3-point plan for producing perfect transcripts of interviews and focus groups:
Before we get started: I'll assume you've got a good audio transcription program, headphones and footpedal. I'll also assume you're a touch-typist, have an excellent 'ear' and excellent grammar, spelling and punctuation.
If you are producing a transcript for a research project there are probably a number of transcripts involved. If so, the first thing to do is prepare a template to use for all the transcripts. This will save you a lot of time and ensure that all the transcripts are presented consistently, and that you don't accidentally omit important information from some of the transcripts.
The template may include headers, page numbers and line-numbering (for referencing). It may include information that applies to all the interviews or focus groups such as the name of the interviewer or facilitator, the topic, the venue or institution, and the type of interview or focus group. It may also include 'prompts' to be filled out for each interview or focus group such as the time, date, name of interviewer/facilitator etc.
Depending on how familiar you are with the subject matter of the transcripts, you may also wish to create a glossary for the project, or you may already have a glossary that you've used previously for a similar type of project. If you have a glossary of relevant terms and words, you refer to it as you work to make sure you spell unfamiliar words (such as specialist words) correctly.
Transcribe the audio file on either 'normal' or 'slow' speed, depending on how quickly the people are speaking in the recording. I usually place the speed at one notch slower than 'normal' during the 1st draft stage. Use a 0.5 second, 1-second or 1.5-second auto-rewind, depending on your preference, although if the audibility is poor you might like to try using a 2-second auto-rewind.
Now, there are usually some words in a recording that, the first time you hear them, sound inaudible. The trick when producing the 1st draft of a transcript is to not worry too much about trying to get those seemingly inaudible words right, because it will always be easier to decipher them the second-time round, rather than during the 1st draft stage.
So when you come across a word you can't make out, just leave a gap in the transcript (to show that a word is missing) and type on. You'll be in a much better position to correct those mistakes during the next stage. Similarly, don't worry about trying to get the punctuation right during the 1st draft stage. It will be far easier to fix it up the punctuation during the proofreading stage.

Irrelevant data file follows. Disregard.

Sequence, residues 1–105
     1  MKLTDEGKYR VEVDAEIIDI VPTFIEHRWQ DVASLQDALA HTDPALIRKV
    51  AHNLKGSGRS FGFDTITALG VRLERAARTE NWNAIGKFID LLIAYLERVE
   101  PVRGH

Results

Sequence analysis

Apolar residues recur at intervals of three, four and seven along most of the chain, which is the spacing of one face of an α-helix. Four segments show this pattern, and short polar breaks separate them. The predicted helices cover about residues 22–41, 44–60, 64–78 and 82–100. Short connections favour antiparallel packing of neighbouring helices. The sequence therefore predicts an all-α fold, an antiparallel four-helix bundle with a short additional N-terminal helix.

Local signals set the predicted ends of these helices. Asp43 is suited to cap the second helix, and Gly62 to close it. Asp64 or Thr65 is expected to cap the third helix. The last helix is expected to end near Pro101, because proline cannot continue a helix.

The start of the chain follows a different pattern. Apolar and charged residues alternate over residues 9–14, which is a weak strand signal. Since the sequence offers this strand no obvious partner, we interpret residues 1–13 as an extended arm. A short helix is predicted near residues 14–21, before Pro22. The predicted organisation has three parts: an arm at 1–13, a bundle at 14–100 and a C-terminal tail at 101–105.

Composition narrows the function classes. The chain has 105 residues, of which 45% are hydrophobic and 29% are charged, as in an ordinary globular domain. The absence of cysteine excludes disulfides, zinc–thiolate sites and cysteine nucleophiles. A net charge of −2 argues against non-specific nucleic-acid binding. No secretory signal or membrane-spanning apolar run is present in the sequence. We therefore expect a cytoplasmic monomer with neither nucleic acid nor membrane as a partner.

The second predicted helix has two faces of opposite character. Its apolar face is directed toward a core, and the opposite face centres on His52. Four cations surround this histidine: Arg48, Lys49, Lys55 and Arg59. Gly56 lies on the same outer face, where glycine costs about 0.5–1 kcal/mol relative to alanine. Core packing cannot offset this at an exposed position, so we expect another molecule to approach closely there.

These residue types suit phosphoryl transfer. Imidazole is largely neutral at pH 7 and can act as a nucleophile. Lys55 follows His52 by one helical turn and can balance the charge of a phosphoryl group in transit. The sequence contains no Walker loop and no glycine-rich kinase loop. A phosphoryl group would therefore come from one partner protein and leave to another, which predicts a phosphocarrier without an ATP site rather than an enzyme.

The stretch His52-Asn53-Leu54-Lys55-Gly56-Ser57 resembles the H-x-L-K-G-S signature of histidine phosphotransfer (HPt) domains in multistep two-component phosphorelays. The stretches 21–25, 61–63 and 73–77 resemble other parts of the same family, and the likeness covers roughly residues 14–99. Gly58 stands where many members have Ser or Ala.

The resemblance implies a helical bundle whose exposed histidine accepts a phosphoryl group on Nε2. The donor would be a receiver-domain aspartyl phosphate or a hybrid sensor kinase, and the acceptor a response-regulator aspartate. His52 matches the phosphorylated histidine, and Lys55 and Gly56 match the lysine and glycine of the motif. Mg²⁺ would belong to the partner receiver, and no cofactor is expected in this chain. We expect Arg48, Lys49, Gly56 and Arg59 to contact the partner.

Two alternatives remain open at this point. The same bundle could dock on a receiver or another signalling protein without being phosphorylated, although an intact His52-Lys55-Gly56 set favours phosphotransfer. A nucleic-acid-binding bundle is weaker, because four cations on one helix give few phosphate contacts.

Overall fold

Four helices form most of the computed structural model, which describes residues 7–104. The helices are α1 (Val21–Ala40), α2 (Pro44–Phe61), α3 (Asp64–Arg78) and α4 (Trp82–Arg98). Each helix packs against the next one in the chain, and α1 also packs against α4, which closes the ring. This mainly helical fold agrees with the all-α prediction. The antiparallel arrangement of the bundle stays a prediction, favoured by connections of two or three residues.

It is during the proofreading stage that you have the opportunity to perfect your transcript, or at least make it as accurate as possible.
You will be listening to the audio recording a second time whilst correcting the draft transcript. You will be filling in the 'gaps' in the transcript, correcting mis-heard words and mistakes, and correcting punctuation to ensure the transcript is as easy to read as possible. If the recording is reasonably audible, you should be able to produce a perfect transcript. If the recording is of poor audio quality, you should be able to produce a transcript that is as accurate as possible given the inferior audibility.
When proofreading a 1st draft transcript against the recording, if people are speaking at normal conversation pace, set the speed on 'normal'. If they are speaking more slowly than usual and the audibility is very clear, you may set the speed at one notch faster. The only exception to this rule is when the audibility is poor in which case you may need to proofread at a slower pace.
During the proofreading stage, because you are travelling far more quickly through the transcript and audio, and are listening to the audio for the second time, you can 'hear' the context and meaning of the discussion more clearly than during the first listen. You are also now familiar with the speakers' accents, manners or speech and the types of words they use. This makes it easier to transcribe accurately and improve the punctuation. You should use this stage to:
In regards to punctuation: I always insert more commas in transcripts than is the usual practice in corporate writing because people being interviewed or discussing issues in focus groups often speak in very long sentences, or train-of-thought non-sentences, that would not make any sense if not punctuated by numerous commas (or if appropriate, semicolons). You should note, however, that to do this correctly you need very good knowledge of grammar and good comprehension of what the speaker is trying to say.
If the comments in the audio recording are audible you will be able to produce a truly perfect transcript. If the comments in the recording are inaudible or only partially audible you'll be able to produce a transcript that is not perfect, but as accurate as possible given the inferior audibility of the recording.
for more articles about how to record and transcribe interviews and focus groups and produce different types of transcripts.
Sally-Anne Watson Kane has over 20 years' experience recording research interviews and oral histories; transcribing audio recordings of interviews, focus groups, meetings, seminars and other events; and editing and proofreading transcripts.
Photo by S.W.Kane.